"Back pain is a symptom, not a specific disease" says Dr. Kaixuan Liu, chief surgeon at Atlantic Spinal Center. "There are many structures in the back that can cause pain and often it isn't possible to pinpoint the source of the pain. Many cases will resolve in a few weeks with rest, anti-inflammatory medication, and physical therapy. When these measures are insufficient, an injection of a cortisone-like medicine into the lower back can relieve symptoms. Surgery is advised only when the cause of the pain can be precisely identified and generally only for those who do not respond to other treatments, whose symptoms get worse, or who experience progressive neurological decline."
Tips on Understanding Minimally Invasive Spinal Fusion
Spinal fusion is a surgical procedure that usually corrects instability of spine. It fuses together the vertebrae to make spine stable and stronger so they heal into a single, solid bone. Spinal fusion can relieve the symptoms of several conditions, including degenerative disk disease, herniated lumbar disk (in which a bulging disk pinches the nerve), spondylolisthesis (in which one vertebra slips over the bone below it), and stenosis (a narrowing of the open spaces in the spine, which puts pressure on the spinal cord and the nerves that travel through it).
In traditional (open) spinal fusion, the surgeon makes a long incision and pulls the muscles to the side to gain access to the spine. This retraction and separation of the muscles from original attachment can cause injury to the tissues and result in a lengthy and painful recovery period. Since the 1990s, however, technological advances have made it possible to treat many back conditions with less invasive surgical techniques. Minimally invasive spine surgery is performed using small incisions and avoiding significant damage to the muscles surrounding the spine which results in less bleeding, less post-surgical pain and a faster recovery.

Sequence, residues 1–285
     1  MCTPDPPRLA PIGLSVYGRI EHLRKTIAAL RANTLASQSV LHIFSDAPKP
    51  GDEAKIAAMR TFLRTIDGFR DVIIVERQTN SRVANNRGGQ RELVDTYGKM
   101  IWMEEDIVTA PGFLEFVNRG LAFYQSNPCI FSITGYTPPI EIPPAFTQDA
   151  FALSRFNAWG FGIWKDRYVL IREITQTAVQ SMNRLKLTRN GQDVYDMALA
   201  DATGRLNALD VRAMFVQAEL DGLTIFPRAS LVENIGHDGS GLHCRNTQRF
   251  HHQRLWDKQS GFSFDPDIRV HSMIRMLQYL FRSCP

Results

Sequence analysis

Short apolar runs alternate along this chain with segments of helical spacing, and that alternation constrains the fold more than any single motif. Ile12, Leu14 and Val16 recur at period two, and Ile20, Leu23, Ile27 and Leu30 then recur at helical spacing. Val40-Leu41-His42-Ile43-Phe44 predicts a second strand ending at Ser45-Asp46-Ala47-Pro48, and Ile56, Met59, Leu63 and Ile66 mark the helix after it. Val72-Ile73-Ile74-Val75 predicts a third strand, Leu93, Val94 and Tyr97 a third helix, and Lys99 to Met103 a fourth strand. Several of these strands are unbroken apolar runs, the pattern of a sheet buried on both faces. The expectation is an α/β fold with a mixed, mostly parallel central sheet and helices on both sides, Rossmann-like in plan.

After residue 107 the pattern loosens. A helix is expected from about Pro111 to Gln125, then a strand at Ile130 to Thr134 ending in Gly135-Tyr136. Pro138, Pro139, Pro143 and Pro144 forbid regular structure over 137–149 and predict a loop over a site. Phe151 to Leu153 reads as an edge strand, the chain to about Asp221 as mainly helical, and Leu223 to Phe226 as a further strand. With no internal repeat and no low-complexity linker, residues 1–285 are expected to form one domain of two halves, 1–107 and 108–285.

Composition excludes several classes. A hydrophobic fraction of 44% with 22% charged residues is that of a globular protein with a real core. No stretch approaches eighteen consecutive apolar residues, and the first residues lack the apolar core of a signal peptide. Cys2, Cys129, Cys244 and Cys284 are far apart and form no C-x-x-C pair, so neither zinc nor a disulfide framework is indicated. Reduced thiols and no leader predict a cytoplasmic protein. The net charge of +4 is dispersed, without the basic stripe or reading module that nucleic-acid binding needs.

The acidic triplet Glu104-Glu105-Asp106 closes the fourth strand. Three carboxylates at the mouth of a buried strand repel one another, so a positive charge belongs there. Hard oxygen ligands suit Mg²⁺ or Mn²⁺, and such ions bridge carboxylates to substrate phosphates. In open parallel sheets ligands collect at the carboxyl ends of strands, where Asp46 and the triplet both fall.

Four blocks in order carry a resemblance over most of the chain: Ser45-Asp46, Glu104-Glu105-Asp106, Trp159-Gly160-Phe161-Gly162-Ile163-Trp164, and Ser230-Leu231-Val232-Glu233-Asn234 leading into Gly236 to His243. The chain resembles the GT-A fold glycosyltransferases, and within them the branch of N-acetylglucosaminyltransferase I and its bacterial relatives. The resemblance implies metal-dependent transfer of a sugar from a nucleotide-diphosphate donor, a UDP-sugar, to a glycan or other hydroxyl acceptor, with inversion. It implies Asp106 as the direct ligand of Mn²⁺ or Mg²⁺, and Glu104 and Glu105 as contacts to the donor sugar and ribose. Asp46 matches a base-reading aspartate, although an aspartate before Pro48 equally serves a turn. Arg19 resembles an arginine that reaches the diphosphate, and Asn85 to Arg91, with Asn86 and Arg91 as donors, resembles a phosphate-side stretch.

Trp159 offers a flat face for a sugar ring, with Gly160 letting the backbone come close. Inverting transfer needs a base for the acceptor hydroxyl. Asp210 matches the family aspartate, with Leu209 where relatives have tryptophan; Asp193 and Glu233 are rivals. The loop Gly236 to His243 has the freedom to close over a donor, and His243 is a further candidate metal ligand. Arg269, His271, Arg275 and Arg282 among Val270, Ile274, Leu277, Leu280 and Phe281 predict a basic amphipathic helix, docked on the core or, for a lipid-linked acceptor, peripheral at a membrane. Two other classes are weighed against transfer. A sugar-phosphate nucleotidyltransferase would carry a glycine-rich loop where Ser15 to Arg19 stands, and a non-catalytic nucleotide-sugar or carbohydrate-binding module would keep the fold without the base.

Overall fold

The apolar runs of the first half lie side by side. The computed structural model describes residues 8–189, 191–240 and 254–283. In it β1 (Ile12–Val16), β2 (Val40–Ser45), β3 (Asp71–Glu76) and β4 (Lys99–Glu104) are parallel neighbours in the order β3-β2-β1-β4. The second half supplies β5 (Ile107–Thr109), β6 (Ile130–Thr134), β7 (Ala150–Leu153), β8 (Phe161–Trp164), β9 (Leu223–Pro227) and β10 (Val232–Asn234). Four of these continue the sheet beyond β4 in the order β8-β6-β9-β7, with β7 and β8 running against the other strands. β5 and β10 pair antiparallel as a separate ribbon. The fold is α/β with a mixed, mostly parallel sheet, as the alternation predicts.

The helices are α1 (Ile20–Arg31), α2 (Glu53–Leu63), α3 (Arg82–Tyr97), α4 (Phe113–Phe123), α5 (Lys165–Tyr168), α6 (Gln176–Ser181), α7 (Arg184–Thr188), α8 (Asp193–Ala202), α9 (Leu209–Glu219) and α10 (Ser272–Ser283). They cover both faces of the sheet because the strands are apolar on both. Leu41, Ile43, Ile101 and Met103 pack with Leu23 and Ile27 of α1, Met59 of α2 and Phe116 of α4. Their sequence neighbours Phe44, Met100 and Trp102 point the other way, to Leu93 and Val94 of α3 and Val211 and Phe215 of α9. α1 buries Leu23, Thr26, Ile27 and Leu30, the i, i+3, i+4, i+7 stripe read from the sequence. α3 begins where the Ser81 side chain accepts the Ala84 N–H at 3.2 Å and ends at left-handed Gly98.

As with any surgery, there are potential risks and complications with minimally invasive spinal fusion, although these generally occur less frequently and are less severe than with traditional surgery. Risks include bleeding, infection, persistent pain, failure to fuse, nerve damage, and muscle weakness. Risks should be discussed with the surgeon before making a decision on any procedure.
"Patients generally recover easily from minimally invasive spine surgery," says Dr. Liu. "Because the procedure does not cut muscle and too much bone, often they are up and walking the same day. Many notice an improvement in their symptoms immediately; for others, symptoms go away gradually. Overall, recovery time is significantly shorter than for open surgery."
There are conditions for which minimally invasive procedures are not appropriate, including some spinal deformities and high-grade spondylolisthesis. "But for many people, minimally invasive fusion presents an appealing alternative to traditional techniques," says Dr. Liu. "They are likely to experience less post-operative pain and, often with the help of physical therapy, regain strength and return to work and daily activities more quickly."
Kaixuan Liu, MD, PhD, is a board-certified physician who is fellowship-trained in minimally invasive spine surgery at Atlantic Spine Center.
Atlantic Spine Center is a nationally recognized leader for endoscopic and orthopaedic spine surgery with offices in NJ and NY www.atlanticspinecenter.com. www.atlanticspinecenter.nyc
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